Bush urges hope, liberty during Dutch visit
9 May 2005, AMSTERDAM — US President George W Bush left the Netherlands at midday on Sunday after a 17-hour visit highlighted by a commemorative service at the American military cemetery in Margraten.
9 May 2005
AMSTERDAM — US President George W Bush left the Netherlands at midday on Sunday after a 17-hour visit highlighted by a commemorative service at the American military cemetery in Margraten.
Both Bush and Dutch Prime Minister Jan Peter Balkenende spoke at the ceremony in the south of the country and jointly thanked the soldiers who freed Europe from Nazi Germany 60 years ago.
Bush started the day with breakfast with Balkenende at the Hotel Château St Gerlach in Houthem, where he had stayed overnight. US Secretary of State Condoleezza Rice and Dutch Foreign Minister Ben Bot also shared the breakfast table.
At the same time, thousands of people were streaming into the war graves cemetery at Margraten in Limburg. Amid tight security, officers confiscated lighters, umbrellas and even bottles of drink.
Some 10,000 invitations had been circulated among the public, many of whom gladly accepted the especially distributed raincoats as protection against the bleak weather.
Despite the thousands of visitors, it remained orderly at the cemetery. The same could not be said for the roads between Maastricht and Margraten several hours earlier.
Main access roads to the cemetery were closed at 5am on Sunday. However, many police officers instructed to direct traffic had been drafted in from other regions of the country and were unfamiliar with the area. As a result, traffic jams built up on country lanes and roads through villages. In addition, planned parking areas could not be used because the ground was too wet.
President Bush and his wife Laura did not notice the traffic chaos, however, as they were transported from the hotel in their armoured limousine according to a precisely planned timetable.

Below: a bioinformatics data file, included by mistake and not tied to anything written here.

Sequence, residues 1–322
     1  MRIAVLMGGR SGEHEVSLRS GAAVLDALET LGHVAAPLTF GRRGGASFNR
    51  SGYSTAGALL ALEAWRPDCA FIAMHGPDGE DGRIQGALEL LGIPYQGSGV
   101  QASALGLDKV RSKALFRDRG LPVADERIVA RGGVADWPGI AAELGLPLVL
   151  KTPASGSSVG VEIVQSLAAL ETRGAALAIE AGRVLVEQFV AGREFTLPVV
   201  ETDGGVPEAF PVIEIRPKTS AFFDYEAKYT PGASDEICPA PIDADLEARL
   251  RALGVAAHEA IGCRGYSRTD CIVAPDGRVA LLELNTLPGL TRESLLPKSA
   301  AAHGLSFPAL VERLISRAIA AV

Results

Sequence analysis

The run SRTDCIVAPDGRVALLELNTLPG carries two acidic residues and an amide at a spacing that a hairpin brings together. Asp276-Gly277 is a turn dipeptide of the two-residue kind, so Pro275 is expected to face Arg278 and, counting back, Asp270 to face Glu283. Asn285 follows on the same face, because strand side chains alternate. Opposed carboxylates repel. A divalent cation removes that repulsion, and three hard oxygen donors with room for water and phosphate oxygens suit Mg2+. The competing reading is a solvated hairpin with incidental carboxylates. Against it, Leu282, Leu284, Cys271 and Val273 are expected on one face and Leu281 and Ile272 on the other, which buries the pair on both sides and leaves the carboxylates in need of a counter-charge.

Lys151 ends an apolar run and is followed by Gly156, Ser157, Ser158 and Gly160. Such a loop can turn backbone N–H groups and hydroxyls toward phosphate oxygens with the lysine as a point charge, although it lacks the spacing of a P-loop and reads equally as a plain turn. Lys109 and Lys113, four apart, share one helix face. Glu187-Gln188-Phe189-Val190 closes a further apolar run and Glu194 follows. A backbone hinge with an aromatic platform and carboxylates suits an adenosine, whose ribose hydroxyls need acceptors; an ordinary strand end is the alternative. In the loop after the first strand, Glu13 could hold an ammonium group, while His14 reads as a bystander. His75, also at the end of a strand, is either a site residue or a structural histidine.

At the cemetery where 8,302 US soldiers are buried, the president and his wife were met by Queen Beatrix and several Dutch government ministers. Bush and Beatrix each laid a wreath shortly before 11am.
Two formations of fighter jets then flew above the cemetery. The first fly-over consisted of US fighter jets in a 'missing man' formation. Four Dutch royal air force jets made up the second formation.
After both the US and Dutch national anthems were played, Balkenende addressed the crowd, comparing international terrorism with the terror of Nazi Germany.
"We must stay vigilant because we are again being confronted with enemies of peace who want to disrupt our legal order. The message of these terrorists is one of fear and violence. Our message is one of dialogue and peace. Terrorism will not triumph. Together we also wage this fight," he said.
Balkenende also thanked US, British, Canadian and Polish troops who freed Europe from the Nazi occupation forces in the spring of 1945.
"We are more indebted to them than can be expressed in words. They gave us the most valuable present: freedom. They deserve great respect," he reflected.
Bush also thanked the troops who fell in the battle against Nazi forces. He then expressed his appreciation for the Dutch families who 'adopted' the graves of US soldiers in the autumn of 1945 and delivered 20 trucks full of flowers to the cemetery for the first Remembrance Day.
The US president said a free Europe was built after the war on the courage and sacrifice of the soldiers who helped liberate the continent: "We place ourselves in the service of truth: freedom is the born right of humankind".
He said the US and Europe are together working in the 21st century to bring liberty and hope to Afghanistan, Iraq, Lebanon and other countries in the Middle East. "Freedom is the permanent hope of human nature."
After the ceremony ended, Bush and Beatrix shook hands with members of the public, before the president departed for the Maastricht Aachen Airport in Beek.
His plane left on schedule shortly after midday for Moscow, where Bush and other world leaders are attending on Monday a ceremony commemorating the 60th anniversary of the end of World War II.
[Copyright Expatica News + ANP 2005]
Subject: Dutch news